Update on my feverish brain condition. Today I played the Danish Quartet's youtube videos of Op131 and Op74 and the contrast with the Doric a fortnight ago was complete. No quasi-HIP gimmicks, exaggerated gestures and mucked-about tempi, just fabulously concentrated playing. The scherzo of Op131 stimulated a brief burst of spontaneous applause and I nearly joined in. This actually created a useful moment for quartet and audience to regroup before the deadly serious following Adagio, and to end with the most exciting account of the finale I ever heard. The Danish Quartet came on the scene about 10 years ago but their style is firmly rooted in the best 20th century practice. I know whose camp I'm in.
Somewhat belatedly I want to horn in with some considerations that have not come up.
Couple of quick thoughts.
Good points, Thomas, except I think every quartet is honestly playing the music as they hear it. Not because they want to be "new" or "shocking" or even "different."
Albrecht and Thomas - All well said and duly acknowledged. I wasn't going to bring Haydn into the discussion but it seems many 21st century groups consider him even more suitable for "up-to-date" treatment. Strangely the same doesn't seem to be true of Mozart. Why is that do you think? During my coaching from the Delme Quartet I remember it being said that Mozart was less enjoyed by the players because he specified his wishes more precisely and left less room for creative interpretation.
Certainly Beethoven intended the late quartets to be performed to some degree. He loved this music (didn't he express at some point that 131 was his personal favorite?)
Steve, it's definitely true that Mozart, especially late Mozart -- is pretty specific, more specific than Haydn, less specific than Beethoven.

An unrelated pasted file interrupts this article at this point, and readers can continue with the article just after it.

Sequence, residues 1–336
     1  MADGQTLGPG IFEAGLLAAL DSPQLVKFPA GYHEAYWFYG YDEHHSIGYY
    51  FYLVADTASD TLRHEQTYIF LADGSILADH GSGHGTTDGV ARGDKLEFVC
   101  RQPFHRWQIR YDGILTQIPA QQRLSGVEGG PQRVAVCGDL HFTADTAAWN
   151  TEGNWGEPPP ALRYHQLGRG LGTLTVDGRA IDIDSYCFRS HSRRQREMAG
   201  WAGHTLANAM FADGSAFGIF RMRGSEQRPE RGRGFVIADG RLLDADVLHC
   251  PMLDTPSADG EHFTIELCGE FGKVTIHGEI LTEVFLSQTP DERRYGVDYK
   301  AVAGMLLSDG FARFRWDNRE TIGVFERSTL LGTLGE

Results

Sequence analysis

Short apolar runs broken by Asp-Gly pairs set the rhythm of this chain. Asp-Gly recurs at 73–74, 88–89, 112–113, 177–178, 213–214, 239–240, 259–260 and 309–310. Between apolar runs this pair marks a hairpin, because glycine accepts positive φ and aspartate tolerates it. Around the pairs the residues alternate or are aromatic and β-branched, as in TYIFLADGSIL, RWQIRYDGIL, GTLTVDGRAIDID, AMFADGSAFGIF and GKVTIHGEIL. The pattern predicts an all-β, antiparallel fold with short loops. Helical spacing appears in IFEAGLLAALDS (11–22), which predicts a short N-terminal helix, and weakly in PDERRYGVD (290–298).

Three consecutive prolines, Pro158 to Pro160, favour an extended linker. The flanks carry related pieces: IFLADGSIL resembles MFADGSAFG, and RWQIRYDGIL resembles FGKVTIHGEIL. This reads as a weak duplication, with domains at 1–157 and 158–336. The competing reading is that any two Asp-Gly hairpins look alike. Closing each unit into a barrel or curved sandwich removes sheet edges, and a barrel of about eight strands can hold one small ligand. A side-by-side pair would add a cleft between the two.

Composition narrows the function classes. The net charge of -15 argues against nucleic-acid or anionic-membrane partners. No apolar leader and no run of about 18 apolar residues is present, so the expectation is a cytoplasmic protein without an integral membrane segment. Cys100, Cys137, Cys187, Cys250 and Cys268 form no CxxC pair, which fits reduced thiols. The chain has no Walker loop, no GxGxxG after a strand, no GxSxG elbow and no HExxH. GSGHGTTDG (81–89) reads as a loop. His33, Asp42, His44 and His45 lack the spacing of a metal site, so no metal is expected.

Only just picked up on this thread.
My previous experience of the Dorics was solely in 20th century repertoire and I was very impressed. I've now heard their youtube clip of Haydn op.20 no.6 and it's absolutely fine with none of the exaggerated gestures and bulging sounds I found so ugly the other week. That was recorded way back in 2014 and they've recently acquired a new second violin. I'm currently listening to the new lineup in Schubert's G major quartet from the Wigmore Hall in January this year. So far, so very good (although if Schubert had wanted the opening of the allegro molto moderato played molto adagio, wouldn't he have specified it?).
As to this scaling down the tone: An anecdote from one of my violin teachers who was a member of the Zurich Tonhalle Orchestra. He remembered a solo recital by the guitarist Andres Segovia. Segovia was playing in the "Grosse Tonhallesaal" (the symphony hall for 1000 people if memory serves), fully sold out obviously, all by himself on the stage. And of course a guitar has very limited sound and projection. My teacher said it wasn't a problem: the audience was quiet like he had never heard before. No coughs, no whispers, nothing. They were all mesmerized into quiet.
This discussion has been archived and is no longer accepting responses.